As an open, gleefully admitted “ist” and “phobe” of every sort, I might seem the wrong person to comment on the ruination of such accusations as political weapons. Well, we all have our jobs, and this is mine: to make wider sense of phenomena frequently remarked upon but with little understanding.
For the moment, the point is of contextual importance only. However, when the next presidential contest begins about
a week from today two years hence, should the Left deploy the above discussed scurrilities against its next opponent, a huge percentage of the electorate will smirk, say, “Yeah, we’ve heard all that from you clowns before,” and dismiss them. Note how smoothly this commentator deflects them in the post mortem. Indeed, they might well rebound against their wielders, as an ineptly wielded weapon will sometimes do; in that connection, note how easily the esteemed Stephen Green scores against them. It puts me in mind of this famous P.J. O’Rourke rant:
Back in London, I was having dinner in the Groucho Club—this week’s in-spot for what’s left of Britain’s lit glitz and nouveau rock riche—when one more person started in on the Stars and Stripes. Eventually he got, as the Europeans always do, to the part about “Your country’s never been invaded.” (This fellow had been two during the Blitz, you see.) “You don’t know the horror, the suffering. You think war is—”
“A John Wayne movie,” I said. “That’s what you were going to say, wasn’t it? We think war is a John Wayne movie. We think life is a John Wayne movie—with good guys and bad guys, as simple as that. Well, you know something, Mister Limey Poofter? You’re right. And let me tell you who those bad guys are. They’re us. WE BE BAD.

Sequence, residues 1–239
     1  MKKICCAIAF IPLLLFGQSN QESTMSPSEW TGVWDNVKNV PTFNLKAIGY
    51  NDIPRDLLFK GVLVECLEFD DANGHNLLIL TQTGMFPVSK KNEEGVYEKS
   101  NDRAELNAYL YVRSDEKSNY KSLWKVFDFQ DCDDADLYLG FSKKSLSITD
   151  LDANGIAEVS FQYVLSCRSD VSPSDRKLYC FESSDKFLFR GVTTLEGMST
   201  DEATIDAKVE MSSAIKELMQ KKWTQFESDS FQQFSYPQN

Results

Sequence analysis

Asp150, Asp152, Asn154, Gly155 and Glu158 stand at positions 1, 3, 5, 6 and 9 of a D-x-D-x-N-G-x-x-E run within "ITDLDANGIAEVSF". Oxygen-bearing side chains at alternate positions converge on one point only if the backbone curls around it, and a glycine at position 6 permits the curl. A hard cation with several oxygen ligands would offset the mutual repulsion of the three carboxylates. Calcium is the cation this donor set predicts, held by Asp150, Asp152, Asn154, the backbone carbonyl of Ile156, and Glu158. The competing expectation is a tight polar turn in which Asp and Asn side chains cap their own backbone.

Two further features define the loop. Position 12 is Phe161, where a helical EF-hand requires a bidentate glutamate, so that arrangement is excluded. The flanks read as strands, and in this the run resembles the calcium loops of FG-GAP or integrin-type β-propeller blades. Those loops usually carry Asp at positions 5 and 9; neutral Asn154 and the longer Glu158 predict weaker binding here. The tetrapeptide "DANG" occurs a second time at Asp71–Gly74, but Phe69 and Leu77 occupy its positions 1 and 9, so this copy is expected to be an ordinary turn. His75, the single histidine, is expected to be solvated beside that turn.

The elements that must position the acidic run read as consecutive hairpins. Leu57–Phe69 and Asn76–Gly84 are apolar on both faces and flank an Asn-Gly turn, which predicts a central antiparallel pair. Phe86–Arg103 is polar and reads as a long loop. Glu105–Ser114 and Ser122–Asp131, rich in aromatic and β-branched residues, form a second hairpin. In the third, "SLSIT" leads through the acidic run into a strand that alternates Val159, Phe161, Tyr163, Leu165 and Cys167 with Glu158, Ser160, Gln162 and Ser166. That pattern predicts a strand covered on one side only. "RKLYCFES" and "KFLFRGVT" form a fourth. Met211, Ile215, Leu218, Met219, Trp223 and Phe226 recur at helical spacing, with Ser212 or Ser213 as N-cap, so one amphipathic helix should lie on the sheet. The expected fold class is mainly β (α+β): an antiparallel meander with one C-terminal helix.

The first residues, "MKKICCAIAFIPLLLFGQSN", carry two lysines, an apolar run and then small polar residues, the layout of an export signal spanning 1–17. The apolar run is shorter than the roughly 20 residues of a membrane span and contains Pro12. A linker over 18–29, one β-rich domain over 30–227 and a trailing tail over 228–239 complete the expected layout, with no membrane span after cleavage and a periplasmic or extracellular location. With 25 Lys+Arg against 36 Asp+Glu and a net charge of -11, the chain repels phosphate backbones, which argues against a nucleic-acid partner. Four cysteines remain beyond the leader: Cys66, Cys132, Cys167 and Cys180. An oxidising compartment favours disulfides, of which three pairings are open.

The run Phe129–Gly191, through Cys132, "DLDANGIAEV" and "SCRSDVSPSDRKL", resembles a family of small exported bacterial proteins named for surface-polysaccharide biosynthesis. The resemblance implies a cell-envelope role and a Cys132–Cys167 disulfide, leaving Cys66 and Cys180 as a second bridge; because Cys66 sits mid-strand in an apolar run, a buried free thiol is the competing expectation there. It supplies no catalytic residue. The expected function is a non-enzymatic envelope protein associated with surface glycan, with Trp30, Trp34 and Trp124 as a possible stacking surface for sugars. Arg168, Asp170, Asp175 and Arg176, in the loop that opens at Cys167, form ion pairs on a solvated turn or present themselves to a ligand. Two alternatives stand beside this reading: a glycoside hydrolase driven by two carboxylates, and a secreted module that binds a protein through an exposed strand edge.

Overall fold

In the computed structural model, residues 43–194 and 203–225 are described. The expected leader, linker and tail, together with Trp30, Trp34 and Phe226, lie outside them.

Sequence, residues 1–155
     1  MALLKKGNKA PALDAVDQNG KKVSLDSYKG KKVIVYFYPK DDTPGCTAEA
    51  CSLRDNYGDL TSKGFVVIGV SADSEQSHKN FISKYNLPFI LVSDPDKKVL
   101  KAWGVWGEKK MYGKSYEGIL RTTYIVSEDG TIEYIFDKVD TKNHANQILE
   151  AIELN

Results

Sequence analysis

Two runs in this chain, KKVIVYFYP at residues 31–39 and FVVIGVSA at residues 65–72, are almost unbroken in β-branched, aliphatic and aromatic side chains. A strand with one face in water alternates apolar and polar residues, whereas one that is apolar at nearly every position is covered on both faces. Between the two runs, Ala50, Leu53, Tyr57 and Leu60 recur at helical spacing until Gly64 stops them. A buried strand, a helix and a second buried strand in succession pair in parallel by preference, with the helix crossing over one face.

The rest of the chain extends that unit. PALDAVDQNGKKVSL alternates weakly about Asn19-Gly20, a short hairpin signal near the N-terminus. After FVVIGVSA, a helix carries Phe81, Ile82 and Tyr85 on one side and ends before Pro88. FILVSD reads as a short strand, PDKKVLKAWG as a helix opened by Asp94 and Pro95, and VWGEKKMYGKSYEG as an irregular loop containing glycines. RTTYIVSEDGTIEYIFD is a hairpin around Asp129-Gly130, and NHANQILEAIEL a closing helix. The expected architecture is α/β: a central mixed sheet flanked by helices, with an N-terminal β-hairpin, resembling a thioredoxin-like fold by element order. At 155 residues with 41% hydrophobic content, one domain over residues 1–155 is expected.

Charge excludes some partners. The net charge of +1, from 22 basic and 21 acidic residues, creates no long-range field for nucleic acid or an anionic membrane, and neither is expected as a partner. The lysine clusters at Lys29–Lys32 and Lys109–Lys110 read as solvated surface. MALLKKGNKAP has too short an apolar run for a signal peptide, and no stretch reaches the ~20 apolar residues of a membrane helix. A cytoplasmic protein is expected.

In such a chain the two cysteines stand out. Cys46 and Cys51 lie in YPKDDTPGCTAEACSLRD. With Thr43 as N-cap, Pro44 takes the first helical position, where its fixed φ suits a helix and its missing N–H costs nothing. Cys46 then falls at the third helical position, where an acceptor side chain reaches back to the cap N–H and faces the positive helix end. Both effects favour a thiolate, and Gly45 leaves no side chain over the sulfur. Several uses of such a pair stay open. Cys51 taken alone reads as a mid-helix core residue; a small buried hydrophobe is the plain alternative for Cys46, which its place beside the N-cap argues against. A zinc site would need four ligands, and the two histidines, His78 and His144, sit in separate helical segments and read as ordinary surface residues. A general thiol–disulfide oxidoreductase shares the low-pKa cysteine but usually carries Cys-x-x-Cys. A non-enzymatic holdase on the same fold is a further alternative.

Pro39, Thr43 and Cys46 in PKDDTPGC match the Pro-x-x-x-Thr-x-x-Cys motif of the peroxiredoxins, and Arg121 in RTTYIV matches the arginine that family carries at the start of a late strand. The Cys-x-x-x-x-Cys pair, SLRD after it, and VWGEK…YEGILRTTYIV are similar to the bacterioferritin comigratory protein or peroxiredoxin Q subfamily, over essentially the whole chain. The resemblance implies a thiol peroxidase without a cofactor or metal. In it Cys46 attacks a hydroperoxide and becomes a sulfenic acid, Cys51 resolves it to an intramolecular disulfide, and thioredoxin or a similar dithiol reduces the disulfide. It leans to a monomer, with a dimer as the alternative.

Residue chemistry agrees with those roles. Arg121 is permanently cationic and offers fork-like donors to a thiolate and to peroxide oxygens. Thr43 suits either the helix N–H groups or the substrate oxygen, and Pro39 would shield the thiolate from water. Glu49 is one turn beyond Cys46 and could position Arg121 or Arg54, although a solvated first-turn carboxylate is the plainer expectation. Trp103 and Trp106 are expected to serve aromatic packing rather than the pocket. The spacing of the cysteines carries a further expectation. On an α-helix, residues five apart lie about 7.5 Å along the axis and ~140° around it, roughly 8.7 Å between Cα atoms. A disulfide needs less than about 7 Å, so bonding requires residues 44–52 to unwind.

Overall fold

“We’re the baddest-assed sons of bitches that ever jogged in Reeboks. We’re three-quarters grizzly bear and two-thirds car wreck and descended from a stock market crash on our mother’s side. You take your Germany, France, and Spain, roll them all together and it wouldn’t give us room to park our cars. We’re the big boys, Jack, the original, giant, economy-sized, new and improved butt kickers of all time. When we snort coke in Houston, people lose their hats in Cap d’Antibes. And we’ve got an American Express card credit limit higher than your piss-ant metric numbers go.
“You say our country’s never been invaded? You’re right, little buddy. Because I’d like to see the needle-dicked foreigners who’d have the guts to try. We drink napalm to get our hearts started in the morning. A rape and a mugging is our way of saying ‘Cheerio.’ Hell can’t hold our sock hops. We walk taller, talk louder, spit further, fuck longer, and buy more things than you know the names of. I’d rather be a junkie in a New York City jail than king, queen, and jack of all you Europeans. We eat little countries like this for breakfast and shit them out before lunch.”
[From Holidays in Hell.]
Aragorn could not wield the shards of Narsil. They had to be reforged into Anduril to become useful once more. Whether any operation of rhetoric or minority-group pandering can similarly restore the political efficacy of accusations of racism, sexism, et cetera, we’ll have to wait and see. I’m certain there are Democrat Party strategists cogitating over the problem as we speak.